It is true that s. 39 of the 1999 CFRN guarantees right to freedom of expression and the press. However, in practice, there have been several attempts to curtail these rights. This has been a recurring decimal under the successive regimes in Nigeria be it military or civilian. It would be recalled that many newspapers and broadcast stations were proscribed by the military juntas while several journalists were murdered, molested, injured or hounded into exile. Sadly, harassment and killing of journalists is yet to abate as under the present civil rule, similar incidences have been recorded. Media houses have been shut down while journalists have been murdered in cold blood by assassins. The last of these dastardly acts was the September 20, 2009 murder of Bayo Ohu, a political correspondent with The Guardian newspaper.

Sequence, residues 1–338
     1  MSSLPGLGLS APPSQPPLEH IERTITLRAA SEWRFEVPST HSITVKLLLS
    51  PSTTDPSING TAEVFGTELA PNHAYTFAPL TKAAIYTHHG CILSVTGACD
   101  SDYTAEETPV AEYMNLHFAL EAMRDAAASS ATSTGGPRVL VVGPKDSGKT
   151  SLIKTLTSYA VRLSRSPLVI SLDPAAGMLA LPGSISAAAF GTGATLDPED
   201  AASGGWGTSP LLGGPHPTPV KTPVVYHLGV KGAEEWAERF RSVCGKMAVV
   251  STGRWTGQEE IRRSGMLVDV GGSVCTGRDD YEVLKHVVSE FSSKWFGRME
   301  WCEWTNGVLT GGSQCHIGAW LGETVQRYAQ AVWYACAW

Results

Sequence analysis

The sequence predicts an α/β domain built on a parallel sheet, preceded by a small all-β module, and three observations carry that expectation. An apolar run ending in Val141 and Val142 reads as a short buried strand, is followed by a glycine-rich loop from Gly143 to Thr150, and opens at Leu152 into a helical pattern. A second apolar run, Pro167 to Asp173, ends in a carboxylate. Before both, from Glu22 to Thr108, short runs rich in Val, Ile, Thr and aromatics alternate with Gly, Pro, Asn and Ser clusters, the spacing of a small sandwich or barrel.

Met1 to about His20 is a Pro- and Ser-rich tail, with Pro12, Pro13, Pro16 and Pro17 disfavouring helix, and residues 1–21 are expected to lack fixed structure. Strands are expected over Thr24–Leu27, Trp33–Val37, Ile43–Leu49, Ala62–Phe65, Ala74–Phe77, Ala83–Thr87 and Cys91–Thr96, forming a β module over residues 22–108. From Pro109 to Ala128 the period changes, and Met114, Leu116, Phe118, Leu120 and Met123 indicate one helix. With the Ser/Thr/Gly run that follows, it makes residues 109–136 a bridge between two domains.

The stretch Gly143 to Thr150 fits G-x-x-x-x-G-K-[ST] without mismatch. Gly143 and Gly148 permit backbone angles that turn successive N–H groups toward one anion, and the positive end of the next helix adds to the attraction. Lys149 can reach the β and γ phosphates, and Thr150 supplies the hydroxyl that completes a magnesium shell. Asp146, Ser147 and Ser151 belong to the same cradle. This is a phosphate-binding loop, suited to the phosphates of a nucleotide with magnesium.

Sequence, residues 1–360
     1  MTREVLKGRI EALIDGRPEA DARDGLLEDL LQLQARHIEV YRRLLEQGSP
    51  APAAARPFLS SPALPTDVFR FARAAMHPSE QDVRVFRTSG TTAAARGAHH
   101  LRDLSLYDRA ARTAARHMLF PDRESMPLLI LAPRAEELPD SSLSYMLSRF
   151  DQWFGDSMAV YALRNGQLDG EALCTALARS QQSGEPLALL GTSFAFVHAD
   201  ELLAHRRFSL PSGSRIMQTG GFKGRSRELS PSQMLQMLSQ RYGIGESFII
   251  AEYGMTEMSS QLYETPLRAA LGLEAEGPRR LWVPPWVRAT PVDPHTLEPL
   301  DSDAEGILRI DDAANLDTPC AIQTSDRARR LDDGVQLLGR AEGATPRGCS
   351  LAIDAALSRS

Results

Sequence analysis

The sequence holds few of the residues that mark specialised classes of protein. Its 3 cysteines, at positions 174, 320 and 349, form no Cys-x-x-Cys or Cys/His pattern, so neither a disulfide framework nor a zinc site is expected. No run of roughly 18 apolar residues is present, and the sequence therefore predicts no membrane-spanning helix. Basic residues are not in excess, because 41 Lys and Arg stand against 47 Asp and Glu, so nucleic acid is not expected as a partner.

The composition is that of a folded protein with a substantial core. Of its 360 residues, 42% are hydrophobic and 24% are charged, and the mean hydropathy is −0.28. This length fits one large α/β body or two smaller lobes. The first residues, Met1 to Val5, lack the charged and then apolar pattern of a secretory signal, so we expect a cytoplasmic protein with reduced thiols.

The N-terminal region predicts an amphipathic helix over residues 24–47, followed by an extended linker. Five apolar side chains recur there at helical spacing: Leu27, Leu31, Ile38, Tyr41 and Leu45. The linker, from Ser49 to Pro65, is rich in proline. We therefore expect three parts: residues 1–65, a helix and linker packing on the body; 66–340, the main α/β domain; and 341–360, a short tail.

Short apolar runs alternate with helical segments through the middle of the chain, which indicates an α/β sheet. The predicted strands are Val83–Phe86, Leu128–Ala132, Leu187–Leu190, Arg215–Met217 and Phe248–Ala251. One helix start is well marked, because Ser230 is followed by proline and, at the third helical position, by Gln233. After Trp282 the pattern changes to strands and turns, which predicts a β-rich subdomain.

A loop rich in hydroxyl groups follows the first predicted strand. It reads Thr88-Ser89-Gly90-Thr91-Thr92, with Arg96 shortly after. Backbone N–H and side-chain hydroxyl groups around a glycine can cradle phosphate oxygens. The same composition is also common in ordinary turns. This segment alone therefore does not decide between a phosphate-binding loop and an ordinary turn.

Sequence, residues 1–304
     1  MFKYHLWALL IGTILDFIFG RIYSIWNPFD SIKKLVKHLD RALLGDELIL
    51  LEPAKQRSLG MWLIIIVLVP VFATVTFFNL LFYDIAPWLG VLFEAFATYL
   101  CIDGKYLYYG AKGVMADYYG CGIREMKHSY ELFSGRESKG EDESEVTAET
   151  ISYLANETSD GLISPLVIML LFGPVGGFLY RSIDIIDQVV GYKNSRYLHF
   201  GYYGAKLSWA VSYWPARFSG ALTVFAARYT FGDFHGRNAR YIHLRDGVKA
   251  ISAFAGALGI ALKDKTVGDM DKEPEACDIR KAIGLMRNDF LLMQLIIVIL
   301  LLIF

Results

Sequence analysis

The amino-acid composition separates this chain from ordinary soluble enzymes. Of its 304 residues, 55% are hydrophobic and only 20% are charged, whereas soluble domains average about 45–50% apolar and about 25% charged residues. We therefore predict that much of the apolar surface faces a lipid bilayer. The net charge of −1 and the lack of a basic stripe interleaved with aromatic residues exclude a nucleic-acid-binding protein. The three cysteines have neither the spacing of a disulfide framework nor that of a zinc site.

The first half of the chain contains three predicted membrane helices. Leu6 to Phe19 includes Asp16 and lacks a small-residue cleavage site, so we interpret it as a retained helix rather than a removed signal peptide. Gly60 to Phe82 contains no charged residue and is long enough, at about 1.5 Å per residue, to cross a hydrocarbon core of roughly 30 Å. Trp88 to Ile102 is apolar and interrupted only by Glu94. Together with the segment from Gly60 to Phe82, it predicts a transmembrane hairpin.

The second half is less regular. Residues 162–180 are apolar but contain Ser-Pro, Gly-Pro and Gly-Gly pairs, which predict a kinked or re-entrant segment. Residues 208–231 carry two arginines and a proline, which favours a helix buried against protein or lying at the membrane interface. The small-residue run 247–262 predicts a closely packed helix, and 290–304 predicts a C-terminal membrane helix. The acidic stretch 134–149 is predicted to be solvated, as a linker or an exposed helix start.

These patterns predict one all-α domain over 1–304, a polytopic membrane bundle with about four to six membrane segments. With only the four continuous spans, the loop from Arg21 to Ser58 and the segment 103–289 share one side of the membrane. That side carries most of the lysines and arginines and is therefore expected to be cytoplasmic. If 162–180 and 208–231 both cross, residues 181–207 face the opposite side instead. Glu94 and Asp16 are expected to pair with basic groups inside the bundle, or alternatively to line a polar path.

Among other challenges facing media practice in Nigeria is the poor funding of many of the media outfits by their proprietors as well as low return on investment. It is an open secret that many of the established newspapers and broadcast stations be it public or private suffer from inadequate funding. Salaries of media practitioners are not only relatively small, they are also not paid as at when due. Many of them are rarely exposed to specialised training; they have no insurance policy and are generally ill-motivated. This inadequate welfare package makes journalists susceptible to pecuniary influences and is partly responsible for the exodus of highly skilled media practitioners into other field of human endeavours. Closely link to this is the poor reading culture in Nigeria. In a country of approximately 150 million people, I doubt if there is any newspaper that can boast of a million daily print run. Many newspapers depend more on adverts than sales to break even while few additionally indulge in organising all manner of awards in other to shore up their income. Unhelpful is the high cost of production which has necessitated the constant increase in the price of newspapers and adverts and is largely responsible for the high mortality rate of media houses in Nigeria.